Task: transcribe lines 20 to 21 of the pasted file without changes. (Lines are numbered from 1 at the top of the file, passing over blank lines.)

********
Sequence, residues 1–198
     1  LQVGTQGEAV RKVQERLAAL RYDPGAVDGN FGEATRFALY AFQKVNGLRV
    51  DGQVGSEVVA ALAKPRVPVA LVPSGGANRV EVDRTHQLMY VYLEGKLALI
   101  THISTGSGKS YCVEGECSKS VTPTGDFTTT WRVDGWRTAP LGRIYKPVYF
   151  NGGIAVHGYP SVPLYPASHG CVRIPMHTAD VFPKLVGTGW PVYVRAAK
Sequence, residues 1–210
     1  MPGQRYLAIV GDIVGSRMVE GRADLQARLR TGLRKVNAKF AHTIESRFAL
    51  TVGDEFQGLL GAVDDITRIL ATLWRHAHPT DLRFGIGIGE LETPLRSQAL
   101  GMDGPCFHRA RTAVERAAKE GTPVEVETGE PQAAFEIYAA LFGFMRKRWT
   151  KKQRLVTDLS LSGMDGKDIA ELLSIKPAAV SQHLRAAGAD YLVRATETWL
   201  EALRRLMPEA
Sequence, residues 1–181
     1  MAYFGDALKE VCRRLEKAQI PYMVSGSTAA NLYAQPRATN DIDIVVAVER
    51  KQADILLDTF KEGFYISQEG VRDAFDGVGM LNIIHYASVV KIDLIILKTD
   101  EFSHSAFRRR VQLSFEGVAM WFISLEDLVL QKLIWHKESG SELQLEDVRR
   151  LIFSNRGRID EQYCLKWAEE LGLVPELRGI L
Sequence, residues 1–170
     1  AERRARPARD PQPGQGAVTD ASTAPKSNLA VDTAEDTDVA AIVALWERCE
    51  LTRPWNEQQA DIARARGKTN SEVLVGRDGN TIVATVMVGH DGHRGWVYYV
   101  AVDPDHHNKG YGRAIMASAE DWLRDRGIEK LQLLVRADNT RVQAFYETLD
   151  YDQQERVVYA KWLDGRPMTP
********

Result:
   101  AVDPDHHNKG YGRAIMASAE DWLRDRGIEK LQLLVRADNT RVQAFYETLD
   151  YDQQERVVYA KWLDGRPMTP